Abstract: The Relationship between Breakfast Frequency, Mental Health, and School Performance Among a Nationally Representative Sample of High School Students in the United States (Society for Social Work and Research 27th Annual Conference - Social Work Science and Complex Problems: Battling Inequities + Building Solutions)

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229P The Relationship between Breakfast Frequency, Mental Health, and School Performance Among a Nationally Representative Sample of High School Students in the United States

Friday, January 13, 2023
Phoenix C, 3rd Level (Sheraton Phoenix Downtown)
* noted as presenting author
Rei Shimizu, PhD, Assistant Professor, University of Alaska, Anchorage, AK
Matthew Cuellar, PhD, Assistant Professor, University of Alaska, Anchorage, AK
Background and Purpose: Adequate food consumption and mental health are important aspects of adolescent well-being. According to family systems theory, stable family rituals/routines (such as regular meals, including breakfast) can impact mental health and academic performance. Additionally, consuming adequate amounts of nutritious food is essential for physical and psychophysiological development. The positive relationship between school performance and breakfast frequency, as well as school performance and mental health, have been independently established. However, there is a dearth of literature testing how these factors impact school performance in a single model. The present study tested the relationship between breakfast frequency and school performance mediated by depression symptomatology, with potential group differences by demographics.

Methods: Structural equation modeling was conducted using the 2019 Youth Risk Behavior Surveillance System: a nationally representative multistage cluster sample of 9th-12th graders in the United States (N=13,677). Breakfast frequency was measured by the number of days respondents ate breakfast in the past week (0-7). Depression symptomatology was operationalized as a latent variable including debilitating sadness, thoughts of suicide, suicide plans, and suicide attempts in the past year. School performance was operationalized as grade point averages (GPA, 0-4). The full model controlled for age, gender, race/ethnicity, and body mass index (BMI). Analyses were conducted on StataSE 17 and Mplus8. Weighted least square mean variance estimation was used to account for the mix of continuous, ordinal, and nominal variables in the model. Global and focused fit indices assessed model fit.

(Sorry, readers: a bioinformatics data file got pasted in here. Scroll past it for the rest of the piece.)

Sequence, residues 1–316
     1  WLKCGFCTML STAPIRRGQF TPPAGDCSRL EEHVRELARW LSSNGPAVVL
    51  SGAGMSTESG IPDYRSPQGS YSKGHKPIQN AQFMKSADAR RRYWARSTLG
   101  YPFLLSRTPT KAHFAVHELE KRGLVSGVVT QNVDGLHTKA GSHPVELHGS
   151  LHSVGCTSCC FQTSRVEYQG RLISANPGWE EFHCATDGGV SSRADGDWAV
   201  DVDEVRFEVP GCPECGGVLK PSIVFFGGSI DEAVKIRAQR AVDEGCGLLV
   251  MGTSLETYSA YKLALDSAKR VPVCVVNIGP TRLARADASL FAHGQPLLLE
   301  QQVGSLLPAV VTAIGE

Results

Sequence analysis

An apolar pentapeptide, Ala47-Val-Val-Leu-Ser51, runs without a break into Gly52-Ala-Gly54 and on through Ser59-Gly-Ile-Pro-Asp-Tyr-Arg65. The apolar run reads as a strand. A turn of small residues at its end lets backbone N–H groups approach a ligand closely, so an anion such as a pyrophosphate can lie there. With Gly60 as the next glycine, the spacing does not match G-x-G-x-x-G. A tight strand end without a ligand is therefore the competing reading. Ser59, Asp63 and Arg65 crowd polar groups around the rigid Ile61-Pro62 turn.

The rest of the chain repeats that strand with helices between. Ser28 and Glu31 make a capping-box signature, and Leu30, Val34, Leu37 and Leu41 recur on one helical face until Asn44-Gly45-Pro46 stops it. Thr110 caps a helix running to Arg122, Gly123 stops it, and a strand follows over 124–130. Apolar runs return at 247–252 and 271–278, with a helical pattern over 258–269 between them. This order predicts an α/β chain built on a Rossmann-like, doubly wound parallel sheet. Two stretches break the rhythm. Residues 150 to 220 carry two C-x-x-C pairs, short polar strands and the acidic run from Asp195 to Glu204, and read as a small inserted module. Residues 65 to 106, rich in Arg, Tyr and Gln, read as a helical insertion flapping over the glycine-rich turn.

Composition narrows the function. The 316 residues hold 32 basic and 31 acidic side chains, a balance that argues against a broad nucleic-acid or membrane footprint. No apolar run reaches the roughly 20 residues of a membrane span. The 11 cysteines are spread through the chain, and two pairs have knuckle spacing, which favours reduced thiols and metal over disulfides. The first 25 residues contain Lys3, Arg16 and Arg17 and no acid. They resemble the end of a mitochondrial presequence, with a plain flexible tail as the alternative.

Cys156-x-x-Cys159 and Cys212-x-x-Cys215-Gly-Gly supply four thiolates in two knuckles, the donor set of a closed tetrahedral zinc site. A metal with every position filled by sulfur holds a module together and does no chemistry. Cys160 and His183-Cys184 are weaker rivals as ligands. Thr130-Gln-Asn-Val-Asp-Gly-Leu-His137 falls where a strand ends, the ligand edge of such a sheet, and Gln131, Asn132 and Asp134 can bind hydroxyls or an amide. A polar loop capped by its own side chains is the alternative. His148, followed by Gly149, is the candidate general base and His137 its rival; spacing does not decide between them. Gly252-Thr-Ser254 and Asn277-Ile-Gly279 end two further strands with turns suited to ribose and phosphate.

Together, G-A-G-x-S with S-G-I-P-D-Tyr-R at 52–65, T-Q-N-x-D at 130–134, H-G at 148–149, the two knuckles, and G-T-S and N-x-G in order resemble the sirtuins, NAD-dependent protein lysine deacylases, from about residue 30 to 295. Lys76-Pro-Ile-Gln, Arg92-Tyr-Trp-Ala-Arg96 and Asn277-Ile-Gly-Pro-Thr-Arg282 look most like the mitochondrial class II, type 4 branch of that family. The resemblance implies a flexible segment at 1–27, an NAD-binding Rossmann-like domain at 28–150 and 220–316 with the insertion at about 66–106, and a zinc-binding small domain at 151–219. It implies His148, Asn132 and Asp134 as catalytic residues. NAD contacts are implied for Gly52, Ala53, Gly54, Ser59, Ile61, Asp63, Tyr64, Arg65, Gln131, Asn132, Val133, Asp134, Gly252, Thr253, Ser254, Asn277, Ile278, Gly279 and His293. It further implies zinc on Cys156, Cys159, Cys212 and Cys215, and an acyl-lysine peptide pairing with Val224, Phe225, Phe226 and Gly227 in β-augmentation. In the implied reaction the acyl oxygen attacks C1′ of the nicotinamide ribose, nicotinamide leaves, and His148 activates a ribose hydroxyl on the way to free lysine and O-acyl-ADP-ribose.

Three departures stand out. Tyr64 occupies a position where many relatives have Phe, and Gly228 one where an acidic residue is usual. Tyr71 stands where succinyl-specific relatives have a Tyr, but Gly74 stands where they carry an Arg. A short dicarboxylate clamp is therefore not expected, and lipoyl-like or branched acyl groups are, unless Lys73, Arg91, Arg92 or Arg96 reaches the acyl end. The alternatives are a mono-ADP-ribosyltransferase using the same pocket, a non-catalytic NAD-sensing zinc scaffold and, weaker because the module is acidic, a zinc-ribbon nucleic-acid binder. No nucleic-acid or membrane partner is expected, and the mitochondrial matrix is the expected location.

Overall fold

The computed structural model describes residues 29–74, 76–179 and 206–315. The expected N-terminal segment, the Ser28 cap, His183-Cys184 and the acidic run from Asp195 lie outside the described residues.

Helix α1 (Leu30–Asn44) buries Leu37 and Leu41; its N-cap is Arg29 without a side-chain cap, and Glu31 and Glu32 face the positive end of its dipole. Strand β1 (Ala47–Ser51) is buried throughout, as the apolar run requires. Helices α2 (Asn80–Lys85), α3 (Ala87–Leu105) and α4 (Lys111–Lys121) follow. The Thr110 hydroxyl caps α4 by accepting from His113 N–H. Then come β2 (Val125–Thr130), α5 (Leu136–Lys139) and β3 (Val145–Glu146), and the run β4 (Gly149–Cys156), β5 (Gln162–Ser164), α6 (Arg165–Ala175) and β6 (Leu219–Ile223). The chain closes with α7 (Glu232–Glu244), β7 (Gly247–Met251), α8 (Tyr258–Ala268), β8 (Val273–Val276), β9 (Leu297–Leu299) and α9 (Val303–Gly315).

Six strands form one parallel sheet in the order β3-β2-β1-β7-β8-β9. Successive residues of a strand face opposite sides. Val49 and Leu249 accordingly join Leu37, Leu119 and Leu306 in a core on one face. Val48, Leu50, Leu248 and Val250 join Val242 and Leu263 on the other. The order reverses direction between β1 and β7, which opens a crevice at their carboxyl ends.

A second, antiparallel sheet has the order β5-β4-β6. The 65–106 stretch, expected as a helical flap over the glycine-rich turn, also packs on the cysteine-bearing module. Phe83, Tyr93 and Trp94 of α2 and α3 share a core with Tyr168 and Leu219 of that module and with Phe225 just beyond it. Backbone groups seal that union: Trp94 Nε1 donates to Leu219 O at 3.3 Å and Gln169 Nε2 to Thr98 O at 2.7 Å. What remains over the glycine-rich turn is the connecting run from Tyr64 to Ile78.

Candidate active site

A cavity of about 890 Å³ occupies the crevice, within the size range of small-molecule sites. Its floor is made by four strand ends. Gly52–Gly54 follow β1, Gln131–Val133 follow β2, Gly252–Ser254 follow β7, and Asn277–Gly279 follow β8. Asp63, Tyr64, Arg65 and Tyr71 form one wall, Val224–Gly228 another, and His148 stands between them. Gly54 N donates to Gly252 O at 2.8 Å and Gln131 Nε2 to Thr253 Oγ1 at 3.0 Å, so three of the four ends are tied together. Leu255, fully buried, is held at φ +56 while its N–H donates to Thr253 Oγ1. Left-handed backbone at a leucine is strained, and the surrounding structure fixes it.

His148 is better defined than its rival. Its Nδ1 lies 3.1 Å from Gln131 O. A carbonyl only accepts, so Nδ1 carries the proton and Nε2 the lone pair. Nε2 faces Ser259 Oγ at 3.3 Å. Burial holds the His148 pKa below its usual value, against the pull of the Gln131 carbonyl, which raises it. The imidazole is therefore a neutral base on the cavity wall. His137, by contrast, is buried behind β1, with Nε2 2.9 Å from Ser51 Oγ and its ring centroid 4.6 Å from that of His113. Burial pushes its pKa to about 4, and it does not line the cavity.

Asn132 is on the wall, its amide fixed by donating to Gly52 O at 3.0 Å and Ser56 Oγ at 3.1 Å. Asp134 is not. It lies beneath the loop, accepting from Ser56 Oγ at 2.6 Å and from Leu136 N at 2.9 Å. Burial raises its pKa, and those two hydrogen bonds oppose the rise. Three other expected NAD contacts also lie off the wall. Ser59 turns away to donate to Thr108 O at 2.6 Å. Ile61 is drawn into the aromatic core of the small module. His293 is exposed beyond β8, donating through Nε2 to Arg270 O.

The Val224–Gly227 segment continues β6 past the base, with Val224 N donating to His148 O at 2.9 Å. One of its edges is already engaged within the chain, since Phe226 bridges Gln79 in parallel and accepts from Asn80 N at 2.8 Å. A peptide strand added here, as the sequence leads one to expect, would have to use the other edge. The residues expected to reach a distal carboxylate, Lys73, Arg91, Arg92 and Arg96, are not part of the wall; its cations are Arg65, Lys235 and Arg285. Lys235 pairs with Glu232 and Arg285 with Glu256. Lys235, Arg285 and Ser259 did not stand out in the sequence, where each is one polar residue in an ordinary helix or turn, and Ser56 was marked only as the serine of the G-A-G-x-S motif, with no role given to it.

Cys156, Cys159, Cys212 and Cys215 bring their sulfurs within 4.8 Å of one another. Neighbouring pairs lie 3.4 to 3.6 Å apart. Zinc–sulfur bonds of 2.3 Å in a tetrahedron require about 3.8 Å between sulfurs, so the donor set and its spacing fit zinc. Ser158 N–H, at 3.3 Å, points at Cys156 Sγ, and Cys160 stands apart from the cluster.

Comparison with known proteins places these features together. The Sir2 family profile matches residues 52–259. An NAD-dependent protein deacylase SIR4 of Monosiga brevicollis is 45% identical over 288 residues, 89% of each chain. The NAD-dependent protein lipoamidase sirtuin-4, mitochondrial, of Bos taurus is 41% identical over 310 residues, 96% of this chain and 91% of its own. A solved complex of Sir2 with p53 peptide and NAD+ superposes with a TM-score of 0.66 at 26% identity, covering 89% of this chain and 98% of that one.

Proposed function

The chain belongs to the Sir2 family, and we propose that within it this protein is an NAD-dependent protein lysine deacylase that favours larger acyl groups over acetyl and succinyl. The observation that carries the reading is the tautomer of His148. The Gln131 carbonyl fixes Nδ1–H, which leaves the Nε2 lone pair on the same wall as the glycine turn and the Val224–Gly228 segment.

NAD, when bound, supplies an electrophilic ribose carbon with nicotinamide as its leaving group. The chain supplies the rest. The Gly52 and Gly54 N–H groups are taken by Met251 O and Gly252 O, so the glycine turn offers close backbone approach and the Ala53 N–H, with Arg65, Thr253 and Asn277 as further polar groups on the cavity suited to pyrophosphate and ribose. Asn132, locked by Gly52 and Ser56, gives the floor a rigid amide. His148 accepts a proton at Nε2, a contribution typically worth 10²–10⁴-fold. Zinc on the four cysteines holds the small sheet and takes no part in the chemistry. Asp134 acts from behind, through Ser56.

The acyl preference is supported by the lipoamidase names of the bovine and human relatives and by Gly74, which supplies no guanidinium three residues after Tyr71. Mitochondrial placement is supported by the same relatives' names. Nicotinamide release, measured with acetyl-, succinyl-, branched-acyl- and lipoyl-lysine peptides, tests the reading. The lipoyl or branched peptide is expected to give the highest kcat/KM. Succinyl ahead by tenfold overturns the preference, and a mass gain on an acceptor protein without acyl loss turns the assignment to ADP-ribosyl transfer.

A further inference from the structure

Results: Most students were male (51%), White (51%), Mixed-race (21%) or Black (12%). The average student was 16 years old (SD=1.25) with BMI at the 64th percentile (SD=28.99), and 3.1 GPAs (SD=.91). On average, students ate breakfast on four out of seven days (SD=2.67) and experienced some depressive symptoms (37% had debilitating sadness, 19% had thoughts of suicide, 16% had suicide plans, and 9% attempted suicide in the past year). The hypothesized model was compared among groups. Higher breakfast frequency positively predicted school performance for American Indian/Alaska Native (AI/AN; .10 ± .10; CR=1.99, p <.05) and Black students (.04 ± .03, CR=3.08, p<.05). Higher breakfast frequency also predicted fewer depressive symptoms among AI/AN students (-.13 ± .11; CR=-2.26, p<.05). The mediational effect where breakfast consumption predicted school performance through depressive symptoms was statistically significant only for Asian (.01 ± .01; CR=3.54, p<.05) and Hispanic students (.01 ± .01; CR=2.60, p<.05).

Conclusions and Implications: Understanding the relationship between breakfast consumption, depressive symptoms, and school performance is important as it builds on current literature to describe complex mechanisms that influence adolescent well-being. Group differences are also critical in highlighting the importance of maintaining school breakfast programs, which may foster positive mental health and academic performance, particularly for racial/ethnic adolescents. Efficacious implementation is especially important for schools that serve diverse populations as prior studies indicate racial/ethnic disparities where families of color experience more barriers to accessing school breakfast programs. Future studies also need to include other variables known to impact food consumption, mental health, and academic performance such as poverty and food insecurity.